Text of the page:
Editorial: State’s contingent at tech trade show will benefit state

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We are excited to see the Indiana Economic Development Corp. headed to CES, what used to be known as the Consumer Electronics Show, in Las Vegas next month in an effort to (as reporter Susan Orr describes on page 1A) promote Indiana’s tech economy to a worldwide audience.

The IEDC contingent of about 10 will be joined by folks from Indiana industry groups TechPoint, AgriNovus, Conexus and the Energy Systems Network.

ESN is a host of the Indy Autonomous Challenge, which is an official event at CES and a second iteration of the competition held this fall at the Indianapolis Motor Speedway. Just like in Indy, university-led teams will compete by programming autonomous racecars to circle the racetrack—and the hope is for some head-to-head passing this time.

The autonomous event was a catalyst for getting Indiana officials to make CES a priority for 2022. But it’s about more than supporting the challenge. The move also is in line with efforts by new Commerce Secretary Brad Chambers to focus on entrepreneurship as well as higher-growth tech industries, including artificial intelligence, robotics, life sciences and micro-electronics, and alternative energy technology.

This will be the first time the IEDC will be at the show. And there are officials from at least a few other states attending. But the IEDC will be sharing an exhibitor booth with Energy Systems Network and the Indy Autonomous Challenge, which should give the state a higher profile.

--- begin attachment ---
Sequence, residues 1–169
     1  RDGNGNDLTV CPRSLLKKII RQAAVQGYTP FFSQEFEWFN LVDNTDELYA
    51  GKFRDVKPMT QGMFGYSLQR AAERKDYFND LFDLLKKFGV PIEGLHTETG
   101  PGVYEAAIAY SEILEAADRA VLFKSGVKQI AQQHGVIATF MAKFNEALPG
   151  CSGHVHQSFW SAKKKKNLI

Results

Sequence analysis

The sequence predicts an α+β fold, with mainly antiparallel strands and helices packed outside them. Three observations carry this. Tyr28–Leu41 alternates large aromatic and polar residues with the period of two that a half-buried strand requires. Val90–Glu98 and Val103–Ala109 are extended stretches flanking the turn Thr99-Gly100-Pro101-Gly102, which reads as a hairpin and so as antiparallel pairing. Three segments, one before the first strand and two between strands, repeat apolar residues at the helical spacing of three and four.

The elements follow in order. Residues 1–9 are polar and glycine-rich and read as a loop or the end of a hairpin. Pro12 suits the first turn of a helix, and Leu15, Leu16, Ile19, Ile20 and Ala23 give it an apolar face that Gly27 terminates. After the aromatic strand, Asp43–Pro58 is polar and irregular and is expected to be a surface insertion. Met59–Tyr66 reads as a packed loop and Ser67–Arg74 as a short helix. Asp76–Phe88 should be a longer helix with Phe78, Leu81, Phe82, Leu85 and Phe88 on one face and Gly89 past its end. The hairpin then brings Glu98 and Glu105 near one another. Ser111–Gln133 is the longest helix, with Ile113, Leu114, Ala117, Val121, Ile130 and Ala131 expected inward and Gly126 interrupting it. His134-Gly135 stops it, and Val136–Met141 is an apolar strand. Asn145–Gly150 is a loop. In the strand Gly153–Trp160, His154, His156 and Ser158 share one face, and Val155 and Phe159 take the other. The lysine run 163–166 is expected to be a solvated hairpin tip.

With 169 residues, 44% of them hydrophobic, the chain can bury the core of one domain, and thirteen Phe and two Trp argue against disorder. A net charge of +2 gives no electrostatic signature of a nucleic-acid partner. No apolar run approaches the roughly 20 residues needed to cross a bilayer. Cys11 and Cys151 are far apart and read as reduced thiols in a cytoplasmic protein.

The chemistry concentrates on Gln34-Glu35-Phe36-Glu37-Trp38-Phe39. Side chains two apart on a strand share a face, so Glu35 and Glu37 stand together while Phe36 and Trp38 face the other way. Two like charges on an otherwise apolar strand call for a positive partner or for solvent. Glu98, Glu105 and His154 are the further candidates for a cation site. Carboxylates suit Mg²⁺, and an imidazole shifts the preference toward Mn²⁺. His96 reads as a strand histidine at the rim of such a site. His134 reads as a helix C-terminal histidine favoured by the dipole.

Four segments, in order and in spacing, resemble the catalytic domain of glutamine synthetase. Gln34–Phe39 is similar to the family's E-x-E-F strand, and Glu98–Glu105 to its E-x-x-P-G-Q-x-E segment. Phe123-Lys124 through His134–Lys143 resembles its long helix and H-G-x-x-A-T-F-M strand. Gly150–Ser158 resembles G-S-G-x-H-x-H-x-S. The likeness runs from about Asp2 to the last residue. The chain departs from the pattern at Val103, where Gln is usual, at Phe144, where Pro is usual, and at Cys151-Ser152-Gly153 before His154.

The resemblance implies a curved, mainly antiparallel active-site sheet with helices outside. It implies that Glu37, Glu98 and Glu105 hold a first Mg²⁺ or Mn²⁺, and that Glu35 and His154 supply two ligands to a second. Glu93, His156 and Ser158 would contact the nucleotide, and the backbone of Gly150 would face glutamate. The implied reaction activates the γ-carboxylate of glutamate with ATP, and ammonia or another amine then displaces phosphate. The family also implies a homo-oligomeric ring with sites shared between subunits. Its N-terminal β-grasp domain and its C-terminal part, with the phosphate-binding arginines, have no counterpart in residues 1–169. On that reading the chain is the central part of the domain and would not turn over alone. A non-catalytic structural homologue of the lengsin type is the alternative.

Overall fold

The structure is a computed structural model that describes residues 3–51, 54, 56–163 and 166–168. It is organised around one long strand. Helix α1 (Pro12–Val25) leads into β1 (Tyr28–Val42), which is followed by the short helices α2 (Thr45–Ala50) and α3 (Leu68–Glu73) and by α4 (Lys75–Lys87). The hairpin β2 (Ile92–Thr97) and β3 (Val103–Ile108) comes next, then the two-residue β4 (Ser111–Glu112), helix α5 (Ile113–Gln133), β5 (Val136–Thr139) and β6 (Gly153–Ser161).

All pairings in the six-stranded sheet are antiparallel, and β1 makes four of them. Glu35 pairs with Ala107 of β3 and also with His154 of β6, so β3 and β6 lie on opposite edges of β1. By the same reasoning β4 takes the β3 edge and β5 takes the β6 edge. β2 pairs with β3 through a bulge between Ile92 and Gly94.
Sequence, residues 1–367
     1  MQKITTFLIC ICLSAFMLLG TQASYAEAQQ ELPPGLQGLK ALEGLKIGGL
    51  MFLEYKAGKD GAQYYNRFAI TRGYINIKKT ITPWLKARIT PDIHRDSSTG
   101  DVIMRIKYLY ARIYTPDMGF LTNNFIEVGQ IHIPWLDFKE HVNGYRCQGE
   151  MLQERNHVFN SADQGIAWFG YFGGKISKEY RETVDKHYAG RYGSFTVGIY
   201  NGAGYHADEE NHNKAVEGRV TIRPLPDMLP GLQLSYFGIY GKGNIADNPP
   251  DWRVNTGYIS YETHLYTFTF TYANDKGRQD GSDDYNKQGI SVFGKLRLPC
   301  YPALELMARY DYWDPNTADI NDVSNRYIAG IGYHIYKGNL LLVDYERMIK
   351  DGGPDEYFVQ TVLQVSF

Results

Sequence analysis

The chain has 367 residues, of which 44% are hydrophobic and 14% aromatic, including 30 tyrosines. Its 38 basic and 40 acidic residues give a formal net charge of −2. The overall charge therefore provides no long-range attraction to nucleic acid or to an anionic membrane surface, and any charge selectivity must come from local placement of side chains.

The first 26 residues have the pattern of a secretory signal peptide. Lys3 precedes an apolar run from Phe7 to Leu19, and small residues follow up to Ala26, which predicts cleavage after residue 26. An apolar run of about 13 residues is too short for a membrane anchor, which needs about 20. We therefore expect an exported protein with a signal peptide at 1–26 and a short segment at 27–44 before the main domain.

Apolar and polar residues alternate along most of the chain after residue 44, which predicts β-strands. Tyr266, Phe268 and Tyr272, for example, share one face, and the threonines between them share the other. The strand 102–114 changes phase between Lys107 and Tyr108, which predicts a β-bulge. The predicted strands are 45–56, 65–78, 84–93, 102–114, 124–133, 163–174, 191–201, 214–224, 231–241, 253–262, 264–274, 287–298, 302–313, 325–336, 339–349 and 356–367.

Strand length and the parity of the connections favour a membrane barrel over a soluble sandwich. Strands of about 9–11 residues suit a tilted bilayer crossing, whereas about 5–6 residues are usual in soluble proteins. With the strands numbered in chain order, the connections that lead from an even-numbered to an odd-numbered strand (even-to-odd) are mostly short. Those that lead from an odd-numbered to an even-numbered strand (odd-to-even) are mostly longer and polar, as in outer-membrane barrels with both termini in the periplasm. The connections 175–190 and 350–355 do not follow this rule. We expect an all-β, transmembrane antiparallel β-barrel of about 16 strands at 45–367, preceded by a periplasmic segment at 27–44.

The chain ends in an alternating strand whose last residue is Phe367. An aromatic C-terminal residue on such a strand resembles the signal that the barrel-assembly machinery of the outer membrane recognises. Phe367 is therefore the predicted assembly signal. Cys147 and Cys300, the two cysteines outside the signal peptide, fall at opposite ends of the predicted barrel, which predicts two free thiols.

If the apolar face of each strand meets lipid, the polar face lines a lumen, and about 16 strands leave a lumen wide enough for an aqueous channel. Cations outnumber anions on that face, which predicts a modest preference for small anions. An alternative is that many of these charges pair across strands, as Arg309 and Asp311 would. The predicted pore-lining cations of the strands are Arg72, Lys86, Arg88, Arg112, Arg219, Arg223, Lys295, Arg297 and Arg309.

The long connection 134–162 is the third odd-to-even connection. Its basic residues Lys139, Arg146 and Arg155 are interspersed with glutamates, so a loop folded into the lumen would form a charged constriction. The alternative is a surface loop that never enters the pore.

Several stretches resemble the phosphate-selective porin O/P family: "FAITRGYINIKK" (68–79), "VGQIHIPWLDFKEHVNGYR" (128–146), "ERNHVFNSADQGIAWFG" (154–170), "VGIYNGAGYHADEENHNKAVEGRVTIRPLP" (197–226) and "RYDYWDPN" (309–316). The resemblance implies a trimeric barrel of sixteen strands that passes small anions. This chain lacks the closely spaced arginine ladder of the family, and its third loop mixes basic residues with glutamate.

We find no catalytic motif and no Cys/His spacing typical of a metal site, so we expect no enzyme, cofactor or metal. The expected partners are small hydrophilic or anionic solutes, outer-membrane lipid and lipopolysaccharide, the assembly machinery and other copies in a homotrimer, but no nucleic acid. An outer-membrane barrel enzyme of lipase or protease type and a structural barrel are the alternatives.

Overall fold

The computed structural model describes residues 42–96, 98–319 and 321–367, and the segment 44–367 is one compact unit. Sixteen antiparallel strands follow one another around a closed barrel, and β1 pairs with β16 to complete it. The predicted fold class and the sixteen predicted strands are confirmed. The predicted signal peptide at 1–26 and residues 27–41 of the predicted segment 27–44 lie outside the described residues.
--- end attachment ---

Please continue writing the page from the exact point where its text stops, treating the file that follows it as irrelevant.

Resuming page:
“We’re right there in the middle of it,” Paul Mitchell, Energy Systems Network’s president and CEO, told Orr.

And that’s just where we want Indiana to be as it competes to land not only advanced manufacturing plants and software companies, but also talent—people who might be working remotely for another firm or might be looking for a place to start their own companies.

AgriNovus CEO Mitch Frazier told Orr it’s also about “seeing what’s possible and then bringing that back and using it to shape the next chapter of growth” in Indiana.

The Indy Autonomous Challenge means people from other places will also be looking at Indiana—or an Indiana-based program—for inspiration as well. That’s great news because it helps put Indiana on the radar of the very people the state needs to thrive.

The interest in the challenge should also provide motivation for groups like ESN, AgriNovus, TechPoint and Conexus (all offshoots of the Central Indiana Corporate Partnership) to keep pushing the envelope, to seek more audacious ideas and challenges, and to set bigger goals for Indiana.

Of course, the COVID variant omicron has led some companies to opt out of going to CES. But as of IBJ’s deadline on Wednesday, the Indiana contingent was still heading to Las Vegas for the event.

We are confident those officials will represent Indiana well—as will the students from IUPUI and Purdue University who are participating in the autonomous challenge. And we look forward to the ideas they bring home.•


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